v2f_imginterpolator that only transfers the projected vertex positions and UV coordinates.
Finally, the associated
vert_img vertex shader automatically uses the
v2f_img constructs to handle all of the vertex shader phase (you use it by define the proper
pragma in the shader file:
#pragma vertex vert_img). So you’re left with only writing the fragment shader which is, to be honest, the real meat of post-processing shaders 😉
So here is the code of my first shader – it’s pretty short thanks to all these built-ins, and it’s just about sampling the main texture (so, the source camera render image) and tinting it with the user-defined colour:
Shader n°2: Invert
Similarly, the second shader was really quick to do. It inverts the image – this simply means that you have to “reverse the colour”, so you return
1 - <input color>.
Because my original image is pretty dark, this gives me a very bright result with a white background:
This makes for a somewhat ghostly effect that I think looks very nice 🙂
Note that, if I were to take a more colourful image (like the “light” version of my Iso-architecture living room), I’d get more crazy colours after applying my Invert filter:
Shader n°3: Night Vision
This is where things start to get a bit more tricky! This shader combines 4 effect -: a lens deformation that bends the middle of the image, a grid overlay, a vignette and a bland green tint:
For the deformation, I drew inspiration from this tutorial by Alan Zucconi where he shows how to use a displacement texture to create a deformation in your image. In my case, I used one of Unity’s built-in textures, the “Default-Particle”, to get a smooth circular texture:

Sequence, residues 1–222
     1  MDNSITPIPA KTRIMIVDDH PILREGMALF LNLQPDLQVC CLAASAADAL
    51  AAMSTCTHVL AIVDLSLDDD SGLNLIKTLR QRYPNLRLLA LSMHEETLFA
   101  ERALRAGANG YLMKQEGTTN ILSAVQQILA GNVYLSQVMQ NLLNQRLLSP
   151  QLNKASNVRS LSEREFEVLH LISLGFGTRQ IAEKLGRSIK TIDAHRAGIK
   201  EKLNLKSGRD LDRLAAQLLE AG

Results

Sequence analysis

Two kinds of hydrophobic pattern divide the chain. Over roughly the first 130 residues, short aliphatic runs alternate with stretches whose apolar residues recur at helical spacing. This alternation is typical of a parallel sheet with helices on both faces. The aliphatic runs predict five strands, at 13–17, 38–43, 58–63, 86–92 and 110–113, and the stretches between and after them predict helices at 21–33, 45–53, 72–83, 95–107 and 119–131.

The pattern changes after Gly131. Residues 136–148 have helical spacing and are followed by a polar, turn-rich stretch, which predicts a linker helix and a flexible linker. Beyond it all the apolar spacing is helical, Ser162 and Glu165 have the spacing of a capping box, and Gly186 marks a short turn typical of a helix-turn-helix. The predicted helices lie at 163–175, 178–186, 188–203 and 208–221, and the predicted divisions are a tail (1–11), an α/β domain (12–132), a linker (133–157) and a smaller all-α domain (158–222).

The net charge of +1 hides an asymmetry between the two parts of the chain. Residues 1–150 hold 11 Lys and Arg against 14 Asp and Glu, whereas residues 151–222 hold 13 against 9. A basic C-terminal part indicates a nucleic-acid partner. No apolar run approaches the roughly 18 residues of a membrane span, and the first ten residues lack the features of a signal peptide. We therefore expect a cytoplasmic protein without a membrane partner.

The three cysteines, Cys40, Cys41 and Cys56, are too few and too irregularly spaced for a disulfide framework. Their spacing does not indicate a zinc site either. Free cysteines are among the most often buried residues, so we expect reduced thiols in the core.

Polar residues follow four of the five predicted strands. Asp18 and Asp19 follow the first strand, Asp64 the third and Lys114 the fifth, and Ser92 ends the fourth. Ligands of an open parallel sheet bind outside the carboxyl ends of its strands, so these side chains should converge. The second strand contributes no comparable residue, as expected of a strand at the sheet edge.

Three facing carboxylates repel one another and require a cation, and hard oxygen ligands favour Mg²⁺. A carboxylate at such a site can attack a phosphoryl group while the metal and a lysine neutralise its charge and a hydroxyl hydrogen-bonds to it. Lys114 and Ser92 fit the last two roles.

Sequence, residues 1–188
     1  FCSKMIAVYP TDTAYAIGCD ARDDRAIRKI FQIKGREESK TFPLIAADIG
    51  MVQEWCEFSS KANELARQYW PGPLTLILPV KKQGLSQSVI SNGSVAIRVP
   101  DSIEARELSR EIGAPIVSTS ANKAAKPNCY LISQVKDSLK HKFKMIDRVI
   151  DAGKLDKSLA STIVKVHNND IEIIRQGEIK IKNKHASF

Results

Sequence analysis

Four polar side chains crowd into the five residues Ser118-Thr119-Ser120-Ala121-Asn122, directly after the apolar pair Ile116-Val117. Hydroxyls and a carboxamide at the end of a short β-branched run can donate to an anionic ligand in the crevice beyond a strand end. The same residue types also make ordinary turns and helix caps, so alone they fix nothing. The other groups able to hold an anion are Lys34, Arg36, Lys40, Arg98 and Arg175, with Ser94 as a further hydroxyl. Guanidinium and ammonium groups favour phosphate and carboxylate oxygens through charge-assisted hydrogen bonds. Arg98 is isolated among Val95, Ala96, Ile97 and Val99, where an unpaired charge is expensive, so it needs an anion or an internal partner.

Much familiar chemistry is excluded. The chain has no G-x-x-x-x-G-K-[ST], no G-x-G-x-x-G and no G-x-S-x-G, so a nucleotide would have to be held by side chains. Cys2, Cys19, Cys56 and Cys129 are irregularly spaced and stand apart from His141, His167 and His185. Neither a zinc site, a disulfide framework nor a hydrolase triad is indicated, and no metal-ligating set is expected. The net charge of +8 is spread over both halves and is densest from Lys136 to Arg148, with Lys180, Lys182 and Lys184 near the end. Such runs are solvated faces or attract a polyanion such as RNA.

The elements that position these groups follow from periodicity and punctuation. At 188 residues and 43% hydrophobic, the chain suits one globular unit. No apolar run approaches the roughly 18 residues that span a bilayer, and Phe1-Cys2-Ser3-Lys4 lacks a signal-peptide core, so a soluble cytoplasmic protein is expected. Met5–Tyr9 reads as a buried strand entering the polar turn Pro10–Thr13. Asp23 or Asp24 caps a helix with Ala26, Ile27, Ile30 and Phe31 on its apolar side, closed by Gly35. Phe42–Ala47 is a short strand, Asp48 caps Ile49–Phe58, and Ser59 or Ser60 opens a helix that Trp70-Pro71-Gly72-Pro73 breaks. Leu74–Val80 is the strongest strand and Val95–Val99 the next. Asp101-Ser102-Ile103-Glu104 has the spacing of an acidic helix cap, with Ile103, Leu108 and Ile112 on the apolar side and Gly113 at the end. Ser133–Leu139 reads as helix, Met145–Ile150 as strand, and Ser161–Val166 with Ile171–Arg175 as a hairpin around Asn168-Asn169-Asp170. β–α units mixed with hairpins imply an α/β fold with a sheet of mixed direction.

This deformation is done by directly manipulating the UVs and “moving” them around.
I then added a texture-based grid effect. The idea is just to sample a cross texture and have it repeat, then composite it with a low opacity to put it as an overlay:
For the vignette, I re-used the notion of signed distance functions that I talked about last time to get a simple blurry circle mask:
All of these preliminary effects are computed as floats, meaning that they are grayscale masks. The final step is just to use this greyscale along with the green tint.
To make it a bit more interesting, I also made the tint change very slightly over time, and the lines slowly move vertically:
Shader n°4: Blur
This shader relies on the common box blur effect to make a “fuzzy” image. The code is inspired by this article from Santosh Nalla but I re-adapted it to use both the X and Y axes and to have a user-defined blur “accuracy” (i.e. how many neighbours are used for the average computation).
To increase the “crazy” effect, I also added a property to control the surexposition of the image: by turning it up, you can voluntarily force the values up to the whites and get a saturated image.
Here are some results with various blur sizes, blur strength and surexposition values:
Shader n°5: Contour
My last shader uses some convolution and the Sobel operator to do some edge detection on the image and isolate the contours:
This shader is mostly a rewriting of Fearcat’s edge detection shader to properly fit Unity’s API.
The idea of this post-processing effect is to use the Sobel kernel on the X and Y axes to compute first the horizontal edges, then the vertical ones, and finally add the two to get the final edge mask. This mask can then be returned on its own (to get only the edges, see the image on the left) or as an overlay on the render image (see the image on the right).
Once again, this set of shaders taught me a lot about shaders in Unity! This time, I had to shift my frame of mind to work with images and apply post-processing effects on 2D data. But I could still re-use some previous core skills like texture sampling or signed distance function computation!
I hope you like this project so far – and as always, feel free to react in the comments if you have ideas of effects or shaders I could try 😉